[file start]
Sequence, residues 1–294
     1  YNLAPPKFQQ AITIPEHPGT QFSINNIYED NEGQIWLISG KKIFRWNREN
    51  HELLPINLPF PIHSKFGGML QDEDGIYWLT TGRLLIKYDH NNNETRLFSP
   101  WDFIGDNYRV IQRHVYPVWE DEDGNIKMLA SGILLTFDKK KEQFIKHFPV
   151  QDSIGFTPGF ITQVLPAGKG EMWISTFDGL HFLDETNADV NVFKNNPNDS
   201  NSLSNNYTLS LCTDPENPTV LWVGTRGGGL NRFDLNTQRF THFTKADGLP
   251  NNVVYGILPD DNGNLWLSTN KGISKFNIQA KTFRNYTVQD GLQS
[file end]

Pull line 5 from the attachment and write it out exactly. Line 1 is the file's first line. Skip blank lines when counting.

   151  QDSIGFTPGF ITQVLPAGKG EMWISTFDGL HFLDETNADV NVFKNNPNDS